"The space program has, over the years, provided a catalyst for a lot of the progress we are seeing today in textiles," said David Raitt, technology transfer and promotions officer with the European Space Agency (ESA).
Developing strong, lightweight fabrics is a vital part of the ESA's research because it costs 10,000 euros ($12,500 U.S.) for every 1 kilo (2.2 pounds) launched into space. The organization spends 400 million euros ($500 million U.S.) annually on textile innovation, and it can take years to create a fabric that meets the extreme conditions that astronauts encounter during a mission. But back on earth, consumers benefit from ESA technology as manufacturers put it to use in everyday items.
Next year, a washable suit that monitors babies' heart and respiration rates could be on the market. The design is based on astronauts' gear, and it is intended to help prevent crib deaths by alerting parents if their baby's breathing or heart pattern changes.
Italian designers Grado Zero plan to sell a protective leather motorbike jacket with ESA technology. A unique gel system in the jacket will allow the shoulders and elbows to be supple when worn, but upon impact those areas will immediately harden and cushion the wearer. The jacket, which is made of ultra-thin leather, is also specially treated to be warm in winter and cool in the summer.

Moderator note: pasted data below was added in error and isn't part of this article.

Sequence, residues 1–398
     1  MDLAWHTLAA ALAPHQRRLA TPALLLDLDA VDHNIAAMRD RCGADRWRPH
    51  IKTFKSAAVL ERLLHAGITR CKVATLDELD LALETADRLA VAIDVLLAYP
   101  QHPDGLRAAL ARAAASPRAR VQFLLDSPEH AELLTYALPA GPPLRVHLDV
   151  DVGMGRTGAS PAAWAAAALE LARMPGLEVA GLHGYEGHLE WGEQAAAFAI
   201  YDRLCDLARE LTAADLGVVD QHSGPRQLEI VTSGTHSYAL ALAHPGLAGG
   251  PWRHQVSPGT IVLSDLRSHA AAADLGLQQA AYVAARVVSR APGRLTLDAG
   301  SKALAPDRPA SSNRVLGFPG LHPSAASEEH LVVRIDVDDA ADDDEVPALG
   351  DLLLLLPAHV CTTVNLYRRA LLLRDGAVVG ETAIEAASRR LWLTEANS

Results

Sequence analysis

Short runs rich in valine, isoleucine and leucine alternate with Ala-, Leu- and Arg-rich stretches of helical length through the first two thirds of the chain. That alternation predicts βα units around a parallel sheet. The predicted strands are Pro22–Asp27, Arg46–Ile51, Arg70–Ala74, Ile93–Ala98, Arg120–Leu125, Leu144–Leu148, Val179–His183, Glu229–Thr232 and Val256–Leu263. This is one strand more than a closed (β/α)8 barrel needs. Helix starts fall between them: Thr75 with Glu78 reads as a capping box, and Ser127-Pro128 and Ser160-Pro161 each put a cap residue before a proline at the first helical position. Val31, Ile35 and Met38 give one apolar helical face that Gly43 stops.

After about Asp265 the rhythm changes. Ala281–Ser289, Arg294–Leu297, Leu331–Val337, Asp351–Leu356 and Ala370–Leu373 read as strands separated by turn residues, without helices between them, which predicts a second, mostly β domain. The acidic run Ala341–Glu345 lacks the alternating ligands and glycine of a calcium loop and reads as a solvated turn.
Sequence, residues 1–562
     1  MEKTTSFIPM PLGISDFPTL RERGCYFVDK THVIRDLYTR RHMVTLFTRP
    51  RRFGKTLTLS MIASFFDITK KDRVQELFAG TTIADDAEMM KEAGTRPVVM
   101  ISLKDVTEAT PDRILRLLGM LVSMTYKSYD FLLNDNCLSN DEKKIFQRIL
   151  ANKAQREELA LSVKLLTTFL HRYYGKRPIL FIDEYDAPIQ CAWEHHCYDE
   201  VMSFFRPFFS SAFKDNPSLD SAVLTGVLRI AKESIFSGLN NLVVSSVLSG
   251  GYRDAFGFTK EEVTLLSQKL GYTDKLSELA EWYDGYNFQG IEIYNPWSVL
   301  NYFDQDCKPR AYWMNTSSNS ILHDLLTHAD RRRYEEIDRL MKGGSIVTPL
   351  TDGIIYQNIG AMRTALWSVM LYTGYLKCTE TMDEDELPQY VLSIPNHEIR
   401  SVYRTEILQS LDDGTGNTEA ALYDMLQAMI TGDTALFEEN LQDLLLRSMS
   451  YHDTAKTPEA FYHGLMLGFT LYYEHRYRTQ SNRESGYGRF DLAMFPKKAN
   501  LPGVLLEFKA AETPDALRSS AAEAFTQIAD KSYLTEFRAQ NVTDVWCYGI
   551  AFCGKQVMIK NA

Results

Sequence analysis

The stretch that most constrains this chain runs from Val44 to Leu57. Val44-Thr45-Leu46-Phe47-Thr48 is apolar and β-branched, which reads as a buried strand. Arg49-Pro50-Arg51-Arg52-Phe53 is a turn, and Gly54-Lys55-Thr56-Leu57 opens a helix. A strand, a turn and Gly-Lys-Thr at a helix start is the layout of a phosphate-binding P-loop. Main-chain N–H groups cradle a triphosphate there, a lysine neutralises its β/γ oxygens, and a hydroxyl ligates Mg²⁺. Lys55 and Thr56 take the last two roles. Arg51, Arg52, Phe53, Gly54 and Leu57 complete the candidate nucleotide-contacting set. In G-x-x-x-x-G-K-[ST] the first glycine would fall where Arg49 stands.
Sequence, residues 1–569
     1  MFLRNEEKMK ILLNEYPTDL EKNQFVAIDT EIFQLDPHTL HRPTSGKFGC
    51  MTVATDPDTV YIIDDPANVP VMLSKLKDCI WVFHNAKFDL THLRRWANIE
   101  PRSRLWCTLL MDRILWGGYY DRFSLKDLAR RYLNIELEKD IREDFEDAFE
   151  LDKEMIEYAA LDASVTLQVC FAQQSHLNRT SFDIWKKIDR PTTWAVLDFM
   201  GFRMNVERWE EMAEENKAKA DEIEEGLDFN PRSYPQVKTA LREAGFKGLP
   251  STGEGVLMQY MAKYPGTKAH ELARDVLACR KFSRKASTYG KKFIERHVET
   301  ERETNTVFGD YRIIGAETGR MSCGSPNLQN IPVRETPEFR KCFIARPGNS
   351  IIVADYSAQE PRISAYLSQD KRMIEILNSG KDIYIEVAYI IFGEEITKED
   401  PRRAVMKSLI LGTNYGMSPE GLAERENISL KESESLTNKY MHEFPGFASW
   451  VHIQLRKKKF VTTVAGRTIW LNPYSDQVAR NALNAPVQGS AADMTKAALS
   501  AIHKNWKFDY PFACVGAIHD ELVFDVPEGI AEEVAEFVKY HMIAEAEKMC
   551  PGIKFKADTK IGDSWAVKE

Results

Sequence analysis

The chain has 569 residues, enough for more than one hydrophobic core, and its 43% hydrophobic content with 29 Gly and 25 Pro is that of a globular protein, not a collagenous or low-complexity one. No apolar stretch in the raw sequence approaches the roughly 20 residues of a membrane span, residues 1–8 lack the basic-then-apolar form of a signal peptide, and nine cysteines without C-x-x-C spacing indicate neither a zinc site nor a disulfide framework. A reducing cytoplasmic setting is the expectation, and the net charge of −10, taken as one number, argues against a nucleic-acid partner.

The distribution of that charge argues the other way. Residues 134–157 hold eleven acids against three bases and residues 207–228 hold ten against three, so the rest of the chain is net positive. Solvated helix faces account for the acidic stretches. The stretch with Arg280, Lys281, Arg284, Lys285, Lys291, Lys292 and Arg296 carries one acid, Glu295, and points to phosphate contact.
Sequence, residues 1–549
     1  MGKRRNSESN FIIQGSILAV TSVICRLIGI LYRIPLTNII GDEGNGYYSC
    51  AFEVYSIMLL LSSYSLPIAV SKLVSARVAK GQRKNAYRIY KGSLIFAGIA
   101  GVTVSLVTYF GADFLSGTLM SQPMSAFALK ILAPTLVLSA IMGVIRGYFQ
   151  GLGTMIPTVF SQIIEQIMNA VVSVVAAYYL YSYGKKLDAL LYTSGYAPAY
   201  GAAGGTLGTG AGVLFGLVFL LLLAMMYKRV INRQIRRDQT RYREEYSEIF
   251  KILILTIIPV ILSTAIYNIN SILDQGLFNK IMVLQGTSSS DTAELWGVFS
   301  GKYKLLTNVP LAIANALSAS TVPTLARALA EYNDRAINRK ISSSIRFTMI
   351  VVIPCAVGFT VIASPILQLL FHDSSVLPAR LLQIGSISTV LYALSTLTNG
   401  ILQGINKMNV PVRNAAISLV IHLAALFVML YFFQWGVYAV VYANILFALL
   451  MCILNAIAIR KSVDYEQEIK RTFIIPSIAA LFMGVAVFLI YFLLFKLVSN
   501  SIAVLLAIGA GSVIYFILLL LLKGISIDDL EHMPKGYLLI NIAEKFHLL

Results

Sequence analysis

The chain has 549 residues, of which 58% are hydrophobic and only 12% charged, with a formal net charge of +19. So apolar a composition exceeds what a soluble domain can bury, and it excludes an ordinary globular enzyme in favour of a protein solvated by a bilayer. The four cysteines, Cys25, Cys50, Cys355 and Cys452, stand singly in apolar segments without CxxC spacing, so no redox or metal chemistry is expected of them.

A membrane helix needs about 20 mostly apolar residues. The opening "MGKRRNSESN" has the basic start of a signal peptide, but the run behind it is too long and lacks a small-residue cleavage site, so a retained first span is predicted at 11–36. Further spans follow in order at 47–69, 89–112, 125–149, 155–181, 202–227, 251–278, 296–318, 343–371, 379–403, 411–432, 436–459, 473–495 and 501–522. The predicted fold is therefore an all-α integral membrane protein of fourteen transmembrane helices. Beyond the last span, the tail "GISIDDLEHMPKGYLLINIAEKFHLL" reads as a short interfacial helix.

Researchers have items in the works to help individuals suffering from serious illnesses as well. One company is working on a bra with built-in monitors for women with breast cancer. Another organization is developing a special suit for children with xeroderma pigmentosum, a rare genetic condition that makes the individual extraordinarily sensitive to sunlight.
These are only a few of the innovative items being produced with ESA technology. Many others are currently on display in the exhibition "Dress Codes," at the Materio library in Paris, France.